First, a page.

The bill proposes setting aside an additional $8 billion over five years to help states cover those who may be subject to higher insurance rates because they've had a lapse in coverage. The GOP legislation would limit the financial help Obamacare makes available to middle-class households for buying insurance.
The bill would shift power to states to set some health insurance rules, slash Medicaid spending by more than $800 billion and cut almost $600 billion in taxes under the health-care law, most of which will benefit the wealthiest Americans.
In the MacArthur-Meadows amendment written by Rep. Tom MacArthur (R-New Jersey), states would be allowed to secure a waiver from the Health and Human Services Department so they could refuse or charge patients with pre-existing health conditions more.
Could simply being a woman be considered a "pre-existing condition?". "Most definitely-[but only] if this bill goes to the senate, doesn't get changed- which is unlikely- and then gets signed", said Dr. Rai. Still, it is making some who are now covered by the Affordable Care Act nervous.
"I continue to have concerns that this bill does not do enough to protect Ohio's Medicaid expansion population, especially those who are receiving treatment for heroin and prescription drug abuse", Portman said in a statement after the House vote. "As to whether or not I got through some of the details in some of the pages, no". "I'm pretty scared to lose coverage". It's the latest issue in a series of gender-based criticisms of Republican actions on health care. The Affordable Care Act, which remains in place, does not permit this. Medical expenses outpaced premiums collected, and losses averaged $5,500 per person enrolled.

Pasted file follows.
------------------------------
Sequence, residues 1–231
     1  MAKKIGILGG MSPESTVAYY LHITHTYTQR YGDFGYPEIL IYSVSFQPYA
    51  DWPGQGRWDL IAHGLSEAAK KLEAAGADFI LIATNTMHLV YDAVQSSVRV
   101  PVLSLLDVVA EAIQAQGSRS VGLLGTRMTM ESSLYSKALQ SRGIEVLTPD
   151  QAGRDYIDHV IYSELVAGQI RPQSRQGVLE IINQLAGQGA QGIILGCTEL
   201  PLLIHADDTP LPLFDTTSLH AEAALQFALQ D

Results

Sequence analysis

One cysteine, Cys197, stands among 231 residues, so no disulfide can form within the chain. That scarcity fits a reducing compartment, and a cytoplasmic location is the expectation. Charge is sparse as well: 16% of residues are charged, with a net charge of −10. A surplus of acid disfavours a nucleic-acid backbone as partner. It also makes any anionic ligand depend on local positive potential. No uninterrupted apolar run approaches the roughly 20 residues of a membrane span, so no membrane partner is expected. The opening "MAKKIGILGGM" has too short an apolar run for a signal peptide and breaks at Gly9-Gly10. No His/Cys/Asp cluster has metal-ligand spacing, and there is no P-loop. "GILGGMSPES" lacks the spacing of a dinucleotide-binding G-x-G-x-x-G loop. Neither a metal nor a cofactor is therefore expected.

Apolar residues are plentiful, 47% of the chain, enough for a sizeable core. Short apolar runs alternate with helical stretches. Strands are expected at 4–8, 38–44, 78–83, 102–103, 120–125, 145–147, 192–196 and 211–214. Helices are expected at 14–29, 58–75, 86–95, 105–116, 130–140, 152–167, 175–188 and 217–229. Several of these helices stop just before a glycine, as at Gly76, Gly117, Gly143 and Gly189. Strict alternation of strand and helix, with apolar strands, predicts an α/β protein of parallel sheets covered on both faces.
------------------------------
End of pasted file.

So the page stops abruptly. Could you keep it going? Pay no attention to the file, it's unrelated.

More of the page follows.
Carrying a baby also carries some risk, so insurance companies see pregnant women as risker - and more expensive - customers when they apply for coverage.
Now she worries that protections under the Affordable Care Act that made sure certain essential health benefits, like insulin prescriptions, could be eliminated.
Sen. Bill Cassidy, R-La., predicted a long road ahead for his chamber as they work to corral the disparate groups of skeptics and come up with a bill that at least majority can support. The Republican health plan also is expected to raise premiums for older people, who are more likely to have a pre-existing condition.
Lamar Alexander of Tennessee, who chairs the Senate health committee, Rob Portman of OH, and Roy Blunt of Missouri, a member of GOP leadership, described the plan even as the House was celebrating passing its repeal after weeks of back-and-forth. Also, federal auditors have not had time to analyze the plan. The proposals could, however, exclude 24 million people from insurance coverage over the next decade, the Congressional Budget Office has estimated.
In the past, risk pools have not guaranteed coverage. She said there should be "no barrier for coverage" for people with pre-existing medical conditions and that the House's tax credits "do not adequately take into account income levels" or regional differences in health costs.
Adrienne Standley, the operations director at a start-up apparel business in Philadelphia, is not waiting to find out. Now, Republicans must try maneuvering the measure through a Senate terrain that is different politically and procedurally from the House.